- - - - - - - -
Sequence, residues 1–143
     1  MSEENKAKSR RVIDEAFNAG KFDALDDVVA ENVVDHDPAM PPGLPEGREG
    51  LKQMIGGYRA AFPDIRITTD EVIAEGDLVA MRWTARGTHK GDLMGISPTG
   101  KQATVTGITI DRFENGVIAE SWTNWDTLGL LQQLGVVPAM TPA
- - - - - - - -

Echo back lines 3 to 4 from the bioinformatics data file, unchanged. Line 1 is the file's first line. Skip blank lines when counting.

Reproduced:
    51  LKQMIGGYRA AFPDIRITTD EVIAEGDLVA MRWTARGTHK GDLMGISPTG
   101  KQATVTGITI DRFENGVIAE SWTNWDTLGL LQQLGVVPAM TPA